The art of painting dates back to pre-historic times, the finger used as a paintbrush on the canvas of cave walls. When it comes to painting, artists have many mediums to choose from: acrylics, oils, gouache, fresco, and watercolors. Watercolors is one of the toughest mediums to achieve, its transparent streaks almost impossible to cover up and its various techniques prestigous and precise, but satisfying when accomplished. The incentive a watercolor artist has to get a taste of perfecting their talents is impecable; therefore, striving for perfection can only be accomplished with the understanding of the watercolor history, the use of the tools of the trade, the practice of techniques, and observation of former artists’ approaches.
Scenes of Stone Age people hunting animals are some of the earliest examples of watercolor paintings (Mules). Although unclear whether gums or oils were used in cave paintings, gum arabic was first used in pre-historic times where man was quick to recognize natural material’s potential (Robinson). When paper was invented in China in A.D. 105, 1,000 years before it was produced in Europe, Chinese artists were far more advanced in watercolors than European artists. The far Eastern traditions differ greatly from those of Western painting – instead of expressing their feelings and capturing their inner spirit such as the Chinese and Japanese artists, Western painters described their surroundings and outward appearance. (Mules)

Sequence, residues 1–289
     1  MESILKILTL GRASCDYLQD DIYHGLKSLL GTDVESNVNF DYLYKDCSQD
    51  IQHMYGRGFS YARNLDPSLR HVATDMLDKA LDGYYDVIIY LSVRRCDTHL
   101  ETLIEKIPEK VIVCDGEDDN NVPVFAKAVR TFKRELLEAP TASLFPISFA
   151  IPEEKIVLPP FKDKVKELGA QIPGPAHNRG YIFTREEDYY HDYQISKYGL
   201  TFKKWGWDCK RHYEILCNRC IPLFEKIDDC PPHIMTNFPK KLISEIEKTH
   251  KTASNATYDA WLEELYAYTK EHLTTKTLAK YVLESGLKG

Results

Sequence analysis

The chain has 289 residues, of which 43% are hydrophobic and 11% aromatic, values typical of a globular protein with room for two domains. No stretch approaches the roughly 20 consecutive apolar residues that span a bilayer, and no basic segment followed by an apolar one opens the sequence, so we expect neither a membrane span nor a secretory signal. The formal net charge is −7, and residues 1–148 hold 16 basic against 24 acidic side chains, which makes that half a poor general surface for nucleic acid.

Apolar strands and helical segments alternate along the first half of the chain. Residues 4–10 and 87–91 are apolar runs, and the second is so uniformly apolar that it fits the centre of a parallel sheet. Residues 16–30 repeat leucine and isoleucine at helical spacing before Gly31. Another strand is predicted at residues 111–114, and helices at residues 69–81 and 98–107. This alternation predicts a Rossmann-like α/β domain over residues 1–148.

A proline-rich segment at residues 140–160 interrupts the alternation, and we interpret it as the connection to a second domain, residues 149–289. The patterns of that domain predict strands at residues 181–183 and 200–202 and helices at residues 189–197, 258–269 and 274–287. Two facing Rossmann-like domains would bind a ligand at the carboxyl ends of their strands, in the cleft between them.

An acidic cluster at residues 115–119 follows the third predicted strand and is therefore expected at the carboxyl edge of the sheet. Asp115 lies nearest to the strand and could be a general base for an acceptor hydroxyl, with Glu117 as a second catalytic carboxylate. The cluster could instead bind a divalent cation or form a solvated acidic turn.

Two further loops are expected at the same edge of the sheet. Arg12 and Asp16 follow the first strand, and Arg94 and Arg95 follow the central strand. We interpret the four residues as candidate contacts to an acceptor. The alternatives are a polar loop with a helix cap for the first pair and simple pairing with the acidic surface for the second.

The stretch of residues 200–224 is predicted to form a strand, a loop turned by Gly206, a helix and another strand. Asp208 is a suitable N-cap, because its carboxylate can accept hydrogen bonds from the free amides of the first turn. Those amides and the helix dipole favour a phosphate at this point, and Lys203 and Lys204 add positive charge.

In the 18th century, the founder of Reeves Art Company, William Reeves, produced the first ready-made watercolors in cake form, changing the practice of watercolor painting (Steel). This inivation sparked the watercolor movement; William Winsor and Henry Newton, both chemists and painters, are responsible for the invention of moist watercolors in 1832. Winsor & Newton was the first company to issue the composition and durability of their watercolors, a practice that has continued since (Robinson). By the late 1800s, watercolor influenced many countries and artists. A chain reaction happened – the work of English artists inspired French watercolorists and the impressionist movement, causing German expressionists to impact the artists of the United States. Therefore, the watercolor medium remained popular throughout the 1800s and among artists in the 20th century. (Mules) As of today, watercolor is still strongly used by many artists around the world.
The one thing that makes watercolors the least expensive medium is the amount of supplies needed to get started, which consists of only the essentials: paints, paintbrushes, watercolor paper, a pallete, and water. Because of its need of just the bare necessities, this makes watercoloring an affordable pastime. (McArdle) The forms of traditional watercolors are pans and tubes. Furthermore, the difference between the two is that tubes of paint are already moist, so water isn’t required; pans on the other hand are hard cakes of paint that need water in...